By the provisions of the Arbitration and Conciliation Act, parties to a contract can include an arbitration clause which allows for disputes to be settled by arbitration instead of litigation. At the end of the arbitration process, the agreement reached (i.e the award) will be enforced by the Courts after registration in Court. Where parties opt to arbitrate over disputes, it does not automatically oust the jurisdiction bestowed on the Court by the 1999 CRFN. Section 2(2) of the Arbitration Act states follows: “Unless a contrary intention is expressed therein, an arbitration agreement shall be irrevocable except by agreement of parties or by leave of the Court or judge.” (emphasis mine) Although it is preferable in many cases to go to arbitration rather than go to Court, it should be noted that arbitration and litigation are not mutually exclusive. Indeed the Court often complements and supplements the functions and powers of the arbitrator. For example, by stay of Court proceedings in appropriate cases; by the issue of subpoena; by making appointments where the parties cannot agree or where a party defaults; for the enforcement of awards and for setting aside awards where necessary. In these cases, the Court intervenes to ensure the proper functioning of arbitration.

— H.M. Ogunwumiju, JSC. UBA v Triedent Consulting Ltd. (SC.CV/405/2013, July 07, 2023)

Was this dictum helpful?



✓ In O.S.H.C v. OGUNSOLA (2000) 14 NWLR Pt. 687 Pg. 431CA, the Respondent claimed the sum of N1,969,861.20 and Pleadings were filed and exchanged. Before the case went on trial, the Defendant/Appellant applied in limine to stay proceedings in the case pending a reference of the dispute to arbitration in accordance with the agreement signed by both parties. The application was refused and dismissed by the trial Court and the case was ordered to proceed to trial where judgment was given in favour of the Respondent. At the Court of Appeal, the Respondent argued that the issue of arbitration clause was not raised and was never sought by the Appellant throughout the proceedings. The Court held that there is consensus by both parties that they are bound by the terms of the contract agreement which they duly executed or signed. What was in dispute in that case and emphasized was whether or not there was a formal request (or application) before the lower Court for the proceedings to be stayed and for the dispute to be referred to arbitration. The Court of Appeal held that since the Appellant had acted timeously by making his request or application for stay of proceedings atthe lower Court pending arbitration, the learned trial judge should have ordered a stay of proceedings and referred the matter to a referee for arbitration. Judgment was awarded in favour of the Appellant. The Court also held that parties to a written contract are bound by the terms of the contract provided such terms are not illegal or contrary to public policy. The application was brought in that case under Section 5 of the Act.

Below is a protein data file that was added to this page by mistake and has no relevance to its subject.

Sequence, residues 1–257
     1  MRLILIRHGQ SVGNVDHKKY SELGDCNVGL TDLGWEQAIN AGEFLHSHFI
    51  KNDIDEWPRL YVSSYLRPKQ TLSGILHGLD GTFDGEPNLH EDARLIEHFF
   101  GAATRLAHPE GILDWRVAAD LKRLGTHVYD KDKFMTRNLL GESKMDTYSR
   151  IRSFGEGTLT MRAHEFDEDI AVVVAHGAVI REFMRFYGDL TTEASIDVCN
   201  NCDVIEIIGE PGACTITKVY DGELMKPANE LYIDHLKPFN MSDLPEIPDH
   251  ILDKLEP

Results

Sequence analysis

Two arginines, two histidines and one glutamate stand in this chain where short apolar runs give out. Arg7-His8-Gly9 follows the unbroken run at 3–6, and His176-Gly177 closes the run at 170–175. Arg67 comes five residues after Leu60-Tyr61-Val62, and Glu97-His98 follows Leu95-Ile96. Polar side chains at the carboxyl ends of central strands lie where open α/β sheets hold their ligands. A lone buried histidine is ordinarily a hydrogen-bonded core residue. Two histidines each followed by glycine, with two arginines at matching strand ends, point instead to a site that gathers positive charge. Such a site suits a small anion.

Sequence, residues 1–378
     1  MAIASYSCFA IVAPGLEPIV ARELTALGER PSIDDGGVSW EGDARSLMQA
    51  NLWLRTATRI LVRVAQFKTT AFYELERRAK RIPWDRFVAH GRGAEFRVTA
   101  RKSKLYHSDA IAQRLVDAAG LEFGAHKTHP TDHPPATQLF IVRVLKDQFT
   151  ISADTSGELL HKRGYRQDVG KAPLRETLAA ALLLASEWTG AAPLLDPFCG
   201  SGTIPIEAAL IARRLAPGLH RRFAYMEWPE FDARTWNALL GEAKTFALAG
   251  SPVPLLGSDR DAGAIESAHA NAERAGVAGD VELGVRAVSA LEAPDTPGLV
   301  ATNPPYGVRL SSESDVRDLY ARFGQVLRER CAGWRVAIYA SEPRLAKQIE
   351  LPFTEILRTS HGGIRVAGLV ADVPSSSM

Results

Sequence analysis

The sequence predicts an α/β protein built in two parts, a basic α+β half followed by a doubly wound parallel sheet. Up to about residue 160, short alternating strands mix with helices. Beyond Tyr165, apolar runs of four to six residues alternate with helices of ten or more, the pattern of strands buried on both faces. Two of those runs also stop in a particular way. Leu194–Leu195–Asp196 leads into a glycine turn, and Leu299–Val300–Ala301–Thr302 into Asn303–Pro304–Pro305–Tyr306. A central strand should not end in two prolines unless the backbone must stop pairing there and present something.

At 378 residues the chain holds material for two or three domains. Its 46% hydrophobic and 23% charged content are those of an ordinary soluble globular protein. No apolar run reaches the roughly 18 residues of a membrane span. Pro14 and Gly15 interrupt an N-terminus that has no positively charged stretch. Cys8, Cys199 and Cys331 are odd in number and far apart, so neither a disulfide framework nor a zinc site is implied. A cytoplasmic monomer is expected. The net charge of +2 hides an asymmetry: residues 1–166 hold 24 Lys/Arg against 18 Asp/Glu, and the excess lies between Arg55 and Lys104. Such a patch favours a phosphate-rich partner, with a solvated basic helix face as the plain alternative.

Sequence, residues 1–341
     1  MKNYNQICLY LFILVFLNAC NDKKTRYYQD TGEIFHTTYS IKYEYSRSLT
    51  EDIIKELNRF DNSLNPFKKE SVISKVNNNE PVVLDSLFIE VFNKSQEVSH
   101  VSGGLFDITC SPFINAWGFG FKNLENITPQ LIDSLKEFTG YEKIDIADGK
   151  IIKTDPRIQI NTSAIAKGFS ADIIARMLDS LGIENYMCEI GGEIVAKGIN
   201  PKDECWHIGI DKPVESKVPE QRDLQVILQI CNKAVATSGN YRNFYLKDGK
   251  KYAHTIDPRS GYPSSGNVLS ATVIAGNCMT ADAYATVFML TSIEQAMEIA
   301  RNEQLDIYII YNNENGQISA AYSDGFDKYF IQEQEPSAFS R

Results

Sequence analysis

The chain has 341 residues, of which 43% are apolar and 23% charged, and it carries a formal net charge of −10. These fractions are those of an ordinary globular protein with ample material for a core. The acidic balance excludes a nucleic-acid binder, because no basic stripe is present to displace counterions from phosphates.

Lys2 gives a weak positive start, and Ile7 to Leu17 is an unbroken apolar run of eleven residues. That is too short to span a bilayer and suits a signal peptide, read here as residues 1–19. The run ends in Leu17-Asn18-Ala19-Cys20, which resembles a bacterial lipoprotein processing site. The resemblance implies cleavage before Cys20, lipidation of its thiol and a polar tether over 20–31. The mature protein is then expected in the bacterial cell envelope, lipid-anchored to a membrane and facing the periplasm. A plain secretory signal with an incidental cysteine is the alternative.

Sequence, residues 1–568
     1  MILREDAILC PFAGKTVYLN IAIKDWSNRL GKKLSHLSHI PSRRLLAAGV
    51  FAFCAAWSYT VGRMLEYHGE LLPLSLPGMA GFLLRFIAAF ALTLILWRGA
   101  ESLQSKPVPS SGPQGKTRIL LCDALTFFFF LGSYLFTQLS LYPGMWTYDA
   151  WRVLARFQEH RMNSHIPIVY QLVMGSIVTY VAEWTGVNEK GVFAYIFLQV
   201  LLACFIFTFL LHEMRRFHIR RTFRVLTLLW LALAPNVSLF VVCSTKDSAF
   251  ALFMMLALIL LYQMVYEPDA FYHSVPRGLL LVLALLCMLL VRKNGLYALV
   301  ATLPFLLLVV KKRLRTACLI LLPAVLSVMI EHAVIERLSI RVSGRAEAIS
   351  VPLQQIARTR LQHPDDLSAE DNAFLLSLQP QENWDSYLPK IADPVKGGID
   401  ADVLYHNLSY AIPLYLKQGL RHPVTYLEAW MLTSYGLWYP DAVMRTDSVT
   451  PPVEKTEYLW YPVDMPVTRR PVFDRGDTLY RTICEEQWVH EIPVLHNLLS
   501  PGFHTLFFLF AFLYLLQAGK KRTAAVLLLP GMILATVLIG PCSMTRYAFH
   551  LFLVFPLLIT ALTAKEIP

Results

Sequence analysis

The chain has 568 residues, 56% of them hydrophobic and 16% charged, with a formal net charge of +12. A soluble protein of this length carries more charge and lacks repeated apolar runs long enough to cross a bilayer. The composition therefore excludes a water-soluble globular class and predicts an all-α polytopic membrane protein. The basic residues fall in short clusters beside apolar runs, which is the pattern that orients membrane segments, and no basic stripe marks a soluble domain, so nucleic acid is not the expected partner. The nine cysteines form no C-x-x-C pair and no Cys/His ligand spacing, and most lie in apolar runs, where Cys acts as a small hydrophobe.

✓ In “M. V.” PANORMOS BAY v. OLAM (NIG) PLC (2004) 5 NWLR Pt. 865 Pg. 1CA, the Appellant’s action was filed pursuant to Section 4(1) and 5(1) of the Arbitration and Conciliation Act. The issue there was whether the trial Court was right to hold that there was valid, subsisting, binding and irrevocable arbitration agreement between the parties. Also, whether a finding by the trial Court that the Defendants who were the applicants and who had not taken any steps in the proceeding had enough grounds to have entitled the trial judge to order the parties therein to go for arbitration outside the jurisdiction of this Country having regards to Section 20 of the Admiralty Jurisdiction Decree and Section 5(2) of the Arbitration and Conciliation Act. The Court held Per Galadima J.C.A (as he then was) thus: “I have held that Section 20 of the Admiralty Jurisdiction Decree (supra) is a statutory limitation to the enforcement of the purported arbitration agreement contained in the bills of lading herein. Therefore by reference to the clear provisions of the said Section 20 of the Decree, this Court could declare the arbitration agreement null and void. Alternatively, if however this position is unattainable in law, then a finding by the learned trial Judge that there is a valid, subsisting, binding and irrevocable arbitration agreement between the parties and that the defendant had not taken any steps in the proceedings could not in any case have entitled the trial judge to order the parties herein to go for arbitration outside the jurisdiction of this Country since Sections 2 and 4 of the Arbitration and Conciliation Act are controlled and limited by Section 5(2) of the same Act.”

✓ In ONWARD ENTERPRISES LTD. v. M.V MATRIX (2010) 2 NWLR Pt. 843 Pg. 530 CA, the issue in that case was whether the trial Court exercised its discretion under Section 5 of the Arbitration and Conciliation Act judicially and judiciously. When the Respondents in this case brought their application for stay of proceedings, they tendered certain documents which indicated that they had appointed their own arbitrator and had communicated same to the Appellant. The Court held that by appointing their arbitrator in compliance with Clause 40 of the charter-party agreement endorsed by both parties, the Respondents fulfilled their own obligation. The approach of the Respondents clearly indicated that they were ready and willing to do all things necessary for the proper conduct of the arbitration in line with Section 5(2) of the Arbitration and Conciliation Act.